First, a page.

- Make it Authentic: You cannot develop your brand voice without first understanding your brand’s core values and beliefs. According to DeCioccio, a 2020 Consumer Culture Report showed that 70 percent of consumers want to buy from companies that share their core values, including 83 percent of millennials. Your brand voice will not be authentic unless it is aligned with your organization’s fundamental beliefs.
- Look in the Rearview Mirror: If you want to chart a course forward, it will help to understand where you have been. Which is a Zen way of saying, you need to audit your current brand voice and analyze what style you have used and the results. Pay close attention to the brand voice (and tone) of posts that have generated good feedback and buzz.
- Understand Your Audience: Your brand voice needs to be tailored for your target audience and marketing personas you want to reach. While you need to stay within the core values addressed above, you will not be successful if your Baby Boomer inspired “dad jokes” are aimed at Gen Z, and if your AARP card-carrying audience is blasted with TikTok Minions memes.
- Document Everything: Create a brand voice style guide that can be used for different users across your company. Even if you are a small organization and only have one person handling all your social media and brand marketing, document it. This way, if they run off to join the circus (okay, in 2022, it is more likely they will run off to open a food truck!), you can remain consistent when putting a new person in place.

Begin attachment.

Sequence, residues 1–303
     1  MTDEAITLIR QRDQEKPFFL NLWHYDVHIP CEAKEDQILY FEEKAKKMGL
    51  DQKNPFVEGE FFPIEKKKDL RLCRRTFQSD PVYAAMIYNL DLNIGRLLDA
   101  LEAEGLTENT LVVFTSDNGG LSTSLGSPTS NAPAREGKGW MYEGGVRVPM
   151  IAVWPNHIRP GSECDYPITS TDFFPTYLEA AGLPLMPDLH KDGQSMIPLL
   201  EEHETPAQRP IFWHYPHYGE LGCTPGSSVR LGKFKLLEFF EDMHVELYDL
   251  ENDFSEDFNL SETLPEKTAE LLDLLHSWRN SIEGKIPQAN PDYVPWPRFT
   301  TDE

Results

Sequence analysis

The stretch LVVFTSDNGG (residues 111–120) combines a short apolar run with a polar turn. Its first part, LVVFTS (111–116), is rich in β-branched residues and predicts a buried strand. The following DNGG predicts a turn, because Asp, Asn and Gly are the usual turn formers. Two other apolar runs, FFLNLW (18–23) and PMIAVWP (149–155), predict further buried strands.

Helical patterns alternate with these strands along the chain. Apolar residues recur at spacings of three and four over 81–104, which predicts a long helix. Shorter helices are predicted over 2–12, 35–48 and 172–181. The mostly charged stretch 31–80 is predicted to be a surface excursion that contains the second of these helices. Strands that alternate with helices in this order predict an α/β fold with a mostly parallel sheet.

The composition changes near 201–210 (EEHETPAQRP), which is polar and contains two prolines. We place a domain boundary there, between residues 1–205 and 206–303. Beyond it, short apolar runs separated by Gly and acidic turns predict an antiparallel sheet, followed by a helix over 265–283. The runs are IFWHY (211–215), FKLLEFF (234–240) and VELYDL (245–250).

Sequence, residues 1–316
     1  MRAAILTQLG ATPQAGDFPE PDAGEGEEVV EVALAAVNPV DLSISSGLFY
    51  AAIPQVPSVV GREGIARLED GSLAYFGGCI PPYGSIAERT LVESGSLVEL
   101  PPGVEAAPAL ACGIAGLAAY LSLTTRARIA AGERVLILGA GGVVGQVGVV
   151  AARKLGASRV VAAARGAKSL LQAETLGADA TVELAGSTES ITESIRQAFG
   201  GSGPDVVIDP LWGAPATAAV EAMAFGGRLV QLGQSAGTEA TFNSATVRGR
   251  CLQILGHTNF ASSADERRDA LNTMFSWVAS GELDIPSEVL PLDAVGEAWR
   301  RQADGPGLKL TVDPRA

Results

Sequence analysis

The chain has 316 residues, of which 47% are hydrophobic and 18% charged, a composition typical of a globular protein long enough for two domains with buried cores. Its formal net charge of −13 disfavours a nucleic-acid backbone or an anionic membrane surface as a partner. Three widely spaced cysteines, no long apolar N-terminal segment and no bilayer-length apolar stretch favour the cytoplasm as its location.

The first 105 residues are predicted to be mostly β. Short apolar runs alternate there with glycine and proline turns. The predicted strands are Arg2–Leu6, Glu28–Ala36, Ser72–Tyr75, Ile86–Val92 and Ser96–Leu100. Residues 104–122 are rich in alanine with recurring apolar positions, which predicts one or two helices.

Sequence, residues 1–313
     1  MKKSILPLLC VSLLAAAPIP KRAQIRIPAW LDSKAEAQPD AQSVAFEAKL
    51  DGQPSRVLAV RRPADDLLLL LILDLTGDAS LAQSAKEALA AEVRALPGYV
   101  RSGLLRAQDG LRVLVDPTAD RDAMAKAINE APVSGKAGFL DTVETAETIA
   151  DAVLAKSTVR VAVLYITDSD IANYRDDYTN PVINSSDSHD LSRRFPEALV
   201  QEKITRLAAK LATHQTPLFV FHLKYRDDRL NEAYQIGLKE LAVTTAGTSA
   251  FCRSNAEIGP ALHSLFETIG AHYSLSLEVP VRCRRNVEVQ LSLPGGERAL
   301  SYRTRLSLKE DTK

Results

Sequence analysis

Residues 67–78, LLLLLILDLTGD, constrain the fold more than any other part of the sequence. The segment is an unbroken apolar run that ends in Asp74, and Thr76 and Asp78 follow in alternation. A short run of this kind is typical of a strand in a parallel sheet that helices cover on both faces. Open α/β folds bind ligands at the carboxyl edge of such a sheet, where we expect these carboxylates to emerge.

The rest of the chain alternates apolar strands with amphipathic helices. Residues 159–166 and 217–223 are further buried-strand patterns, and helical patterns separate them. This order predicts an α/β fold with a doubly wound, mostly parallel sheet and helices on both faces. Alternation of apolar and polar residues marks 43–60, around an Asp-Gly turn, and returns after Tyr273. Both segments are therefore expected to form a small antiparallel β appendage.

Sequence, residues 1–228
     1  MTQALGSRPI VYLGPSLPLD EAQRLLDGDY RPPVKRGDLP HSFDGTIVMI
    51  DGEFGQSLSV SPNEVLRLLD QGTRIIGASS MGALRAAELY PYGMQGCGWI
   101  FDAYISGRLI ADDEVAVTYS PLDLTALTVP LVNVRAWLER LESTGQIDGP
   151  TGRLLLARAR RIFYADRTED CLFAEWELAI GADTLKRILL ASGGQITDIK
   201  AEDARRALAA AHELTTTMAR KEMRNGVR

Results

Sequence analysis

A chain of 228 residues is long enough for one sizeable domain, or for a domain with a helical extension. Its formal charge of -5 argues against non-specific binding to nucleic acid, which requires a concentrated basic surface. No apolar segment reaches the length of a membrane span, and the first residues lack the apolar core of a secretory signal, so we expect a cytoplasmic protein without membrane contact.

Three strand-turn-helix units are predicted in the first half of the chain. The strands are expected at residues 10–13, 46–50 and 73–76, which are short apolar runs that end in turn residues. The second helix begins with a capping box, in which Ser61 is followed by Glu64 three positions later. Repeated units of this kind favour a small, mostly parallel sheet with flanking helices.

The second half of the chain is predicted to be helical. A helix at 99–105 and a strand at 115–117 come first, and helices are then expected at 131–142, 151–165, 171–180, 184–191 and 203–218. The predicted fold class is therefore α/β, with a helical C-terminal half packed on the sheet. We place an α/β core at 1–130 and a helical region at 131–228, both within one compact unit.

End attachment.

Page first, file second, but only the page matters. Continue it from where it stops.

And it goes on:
- Do Not Forget the Tone: Remember your tone can be as important as the brand voice, so make sure you are using the right tone at the right time. One ill-timed emoji or off-colored joke can create a whirlwind of negative publicity for your brand.
- Consistency. Consistency. Consistency: Consistency is the key to successfully managing your brand voice. Try to keep the brand voice not only consistent across all platforms and means of marketing but also keep a consistent brand voice throughout every step of your customer’s journey.
- Review, Rinse and Repeat: Creating and maintaining your social media brand voice and tone is not a one-and-done operation but should be something you continually address and adjust as needed. Set periodic reviews and use major events such as mergers, acquisitions, logo changes and new product launches to recalibrate your brand voice.
Just remember, whatever your brand voice is, make it distinctively your own unique voice and embrace it like your favorite Dickens character because as Shopify’s VP of Marketing Morgan Brown says, “the brands that speak to everyone speak to no one.”